But His temple and His throne govern all this. In His temple everyone speaks of His honor. It is the place where man approaches Him, where His nature and character are revealed, for man to be associated with Him according to them. And the throne orders all things, to associate us rightly with the temple. The flesh, of course, cannot always like it; but this dealing with it is just what is profitable in the matter. He tries the children of men. Their actions do not escape His eyes. All things are naked and open to the eyes of Him with whom we have to do, and He judges of them all. But more particularly He tries the righteous. This is in contrast with His hatred of the wicked, on whom He will pour out judgment. In His trial of the righteous, one must first think of God's own character and glory. This He maintains. For, however His countenance beholds the upright, however much He delights in them in love, He cannot deny Himself. He will conform them to what He is, but not relinquish that. He maintains this character in government. he has let the earth know, in Israel, that He will not have wickedness. The nearness of a people to Him is only an additional motive for this. “Thee only have I known of all the families of the earth, therefore will I punish you for your iniquities.” And now, whatever His grace, God is not mocked: what a man sows he will reap. The passages are numberless in which this principle is applied to Israel. It is carefully maintained. (Rom. 2:66Who will render to every man according to his deeds: (Romans 2:6), and following verses.) The epistles of Peter particularly unfold this righteous government of God—the first, as regards the righteous; the second, as against the wicked. In trying the righteous, God vindicates and maintains His character in those near Him.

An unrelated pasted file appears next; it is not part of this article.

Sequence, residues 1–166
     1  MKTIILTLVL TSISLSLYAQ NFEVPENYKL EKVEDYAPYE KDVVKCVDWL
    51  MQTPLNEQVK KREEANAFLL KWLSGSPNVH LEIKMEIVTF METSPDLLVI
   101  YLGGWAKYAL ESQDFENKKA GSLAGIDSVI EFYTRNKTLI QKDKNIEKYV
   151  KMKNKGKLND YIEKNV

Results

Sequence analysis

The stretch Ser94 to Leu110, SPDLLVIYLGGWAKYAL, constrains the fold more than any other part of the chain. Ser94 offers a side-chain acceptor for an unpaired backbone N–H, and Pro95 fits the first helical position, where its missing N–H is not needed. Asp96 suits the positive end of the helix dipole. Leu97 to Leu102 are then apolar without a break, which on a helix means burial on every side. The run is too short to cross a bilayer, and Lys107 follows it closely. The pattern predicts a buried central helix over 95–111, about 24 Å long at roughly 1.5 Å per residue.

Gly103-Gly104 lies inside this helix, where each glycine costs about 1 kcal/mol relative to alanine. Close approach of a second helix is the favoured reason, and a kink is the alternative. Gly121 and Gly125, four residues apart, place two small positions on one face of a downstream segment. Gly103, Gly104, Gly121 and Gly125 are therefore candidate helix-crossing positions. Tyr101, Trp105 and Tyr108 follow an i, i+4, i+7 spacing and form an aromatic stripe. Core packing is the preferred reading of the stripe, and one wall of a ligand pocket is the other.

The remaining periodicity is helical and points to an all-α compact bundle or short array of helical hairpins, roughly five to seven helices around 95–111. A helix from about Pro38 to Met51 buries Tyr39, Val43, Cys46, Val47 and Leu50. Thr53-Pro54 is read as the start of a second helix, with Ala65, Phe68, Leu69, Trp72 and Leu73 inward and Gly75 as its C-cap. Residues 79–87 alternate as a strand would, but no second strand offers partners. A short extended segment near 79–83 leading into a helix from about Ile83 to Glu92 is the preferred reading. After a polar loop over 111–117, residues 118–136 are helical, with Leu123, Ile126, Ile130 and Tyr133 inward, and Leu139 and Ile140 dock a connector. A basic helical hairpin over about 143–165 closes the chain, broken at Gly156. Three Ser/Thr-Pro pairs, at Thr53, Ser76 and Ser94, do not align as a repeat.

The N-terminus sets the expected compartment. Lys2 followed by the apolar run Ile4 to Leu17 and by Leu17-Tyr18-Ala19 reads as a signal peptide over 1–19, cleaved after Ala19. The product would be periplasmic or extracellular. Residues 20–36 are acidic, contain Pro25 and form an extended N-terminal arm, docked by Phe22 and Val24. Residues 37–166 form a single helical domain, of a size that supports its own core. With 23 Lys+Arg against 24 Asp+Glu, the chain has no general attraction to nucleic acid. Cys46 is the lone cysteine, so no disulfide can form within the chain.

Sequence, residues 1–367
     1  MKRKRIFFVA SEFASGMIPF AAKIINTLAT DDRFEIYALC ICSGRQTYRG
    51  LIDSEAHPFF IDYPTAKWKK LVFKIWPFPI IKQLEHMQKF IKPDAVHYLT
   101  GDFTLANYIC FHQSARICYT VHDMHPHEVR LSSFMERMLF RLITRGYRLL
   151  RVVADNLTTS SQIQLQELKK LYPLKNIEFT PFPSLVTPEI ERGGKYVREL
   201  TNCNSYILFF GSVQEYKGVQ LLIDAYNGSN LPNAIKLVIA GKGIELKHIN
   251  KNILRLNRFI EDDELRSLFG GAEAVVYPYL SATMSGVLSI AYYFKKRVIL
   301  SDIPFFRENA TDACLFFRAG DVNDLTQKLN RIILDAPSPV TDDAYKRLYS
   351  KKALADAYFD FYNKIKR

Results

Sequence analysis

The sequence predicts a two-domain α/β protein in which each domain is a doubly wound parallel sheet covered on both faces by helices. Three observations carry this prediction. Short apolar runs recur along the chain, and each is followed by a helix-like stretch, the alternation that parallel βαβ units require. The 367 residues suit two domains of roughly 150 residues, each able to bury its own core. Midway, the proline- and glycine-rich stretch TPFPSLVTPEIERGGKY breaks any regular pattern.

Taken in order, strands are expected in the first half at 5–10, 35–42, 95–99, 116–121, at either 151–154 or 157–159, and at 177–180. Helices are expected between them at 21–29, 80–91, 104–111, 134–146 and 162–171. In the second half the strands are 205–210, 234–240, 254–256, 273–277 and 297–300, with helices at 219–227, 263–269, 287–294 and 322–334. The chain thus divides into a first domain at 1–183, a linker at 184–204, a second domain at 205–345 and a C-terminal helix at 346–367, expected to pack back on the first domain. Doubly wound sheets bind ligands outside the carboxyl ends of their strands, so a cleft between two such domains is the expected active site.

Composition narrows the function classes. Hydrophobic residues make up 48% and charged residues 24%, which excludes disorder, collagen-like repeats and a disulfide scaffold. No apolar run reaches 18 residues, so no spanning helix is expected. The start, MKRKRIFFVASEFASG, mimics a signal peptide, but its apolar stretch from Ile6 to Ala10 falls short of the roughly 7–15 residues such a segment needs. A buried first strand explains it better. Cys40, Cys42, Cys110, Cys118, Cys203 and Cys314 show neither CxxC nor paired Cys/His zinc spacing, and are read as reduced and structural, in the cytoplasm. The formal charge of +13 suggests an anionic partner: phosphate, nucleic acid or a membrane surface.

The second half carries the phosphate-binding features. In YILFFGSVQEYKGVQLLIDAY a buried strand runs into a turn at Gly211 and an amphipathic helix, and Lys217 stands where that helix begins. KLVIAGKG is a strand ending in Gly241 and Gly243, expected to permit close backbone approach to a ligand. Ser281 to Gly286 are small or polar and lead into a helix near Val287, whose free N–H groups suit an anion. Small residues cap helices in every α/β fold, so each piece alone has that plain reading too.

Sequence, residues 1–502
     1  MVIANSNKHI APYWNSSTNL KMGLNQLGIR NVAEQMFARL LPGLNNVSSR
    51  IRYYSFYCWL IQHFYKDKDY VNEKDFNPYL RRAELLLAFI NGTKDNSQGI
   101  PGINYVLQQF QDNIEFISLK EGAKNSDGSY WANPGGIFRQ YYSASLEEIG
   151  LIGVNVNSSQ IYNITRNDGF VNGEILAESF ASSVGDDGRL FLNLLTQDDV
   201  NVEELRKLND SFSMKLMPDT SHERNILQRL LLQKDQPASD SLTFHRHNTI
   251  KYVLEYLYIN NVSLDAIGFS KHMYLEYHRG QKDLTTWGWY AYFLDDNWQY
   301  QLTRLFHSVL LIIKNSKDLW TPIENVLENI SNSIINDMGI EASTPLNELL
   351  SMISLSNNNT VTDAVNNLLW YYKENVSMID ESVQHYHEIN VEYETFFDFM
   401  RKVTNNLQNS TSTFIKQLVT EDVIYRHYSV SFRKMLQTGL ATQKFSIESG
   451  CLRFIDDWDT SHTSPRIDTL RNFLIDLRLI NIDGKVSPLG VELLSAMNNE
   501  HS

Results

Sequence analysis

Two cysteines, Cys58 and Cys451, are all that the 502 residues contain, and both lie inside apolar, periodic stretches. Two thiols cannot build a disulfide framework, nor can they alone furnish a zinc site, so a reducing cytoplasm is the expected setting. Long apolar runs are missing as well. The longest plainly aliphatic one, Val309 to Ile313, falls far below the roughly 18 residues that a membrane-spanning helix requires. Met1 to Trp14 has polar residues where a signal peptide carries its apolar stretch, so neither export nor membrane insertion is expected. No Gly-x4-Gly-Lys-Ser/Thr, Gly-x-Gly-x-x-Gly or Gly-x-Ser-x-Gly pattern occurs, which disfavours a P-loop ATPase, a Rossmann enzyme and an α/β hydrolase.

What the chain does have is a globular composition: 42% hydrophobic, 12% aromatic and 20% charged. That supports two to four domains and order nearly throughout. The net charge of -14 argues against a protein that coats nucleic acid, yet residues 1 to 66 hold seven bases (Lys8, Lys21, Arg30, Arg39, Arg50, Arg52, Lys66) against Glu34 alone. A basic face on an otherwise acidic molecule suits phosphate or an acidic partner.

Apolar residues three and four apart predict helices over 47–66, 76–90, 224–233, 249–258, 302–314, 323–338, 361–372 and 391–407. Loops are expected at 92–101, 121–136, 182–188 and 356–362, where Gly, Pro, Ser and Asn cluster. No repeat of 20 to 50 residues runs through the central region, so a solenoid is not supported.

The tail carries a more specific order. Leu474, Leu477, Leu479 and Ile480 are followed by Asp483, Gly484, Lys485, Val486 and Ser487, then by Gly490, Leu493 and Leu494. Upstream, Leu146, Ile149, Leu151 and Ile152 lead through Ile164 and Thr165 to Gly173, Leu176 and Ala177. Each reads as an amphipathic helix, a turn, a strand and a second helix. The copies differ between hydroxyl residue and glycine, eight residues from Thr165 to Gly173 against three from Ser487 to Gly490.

But it is for the profit also of those who are tried, the precious proof of the constant, watchful care of God. “He withdraws not his eyes from the righteous,” says Elihu. It is, if need be, that we are in heaviness through manifold temptations or trials. We are to count it even all joy (James) when we fall into divers temptations, seeing that they work patience. And mark the fruit: “Let patience have its perfect work, that ye may be perfect and complete in all the will of God.” We are to glory in tribulations; (Rom. 5;) they work patience; and this brightens, in its result, our hope, the love of God being shed abroad in the soul—the true key to all that comes.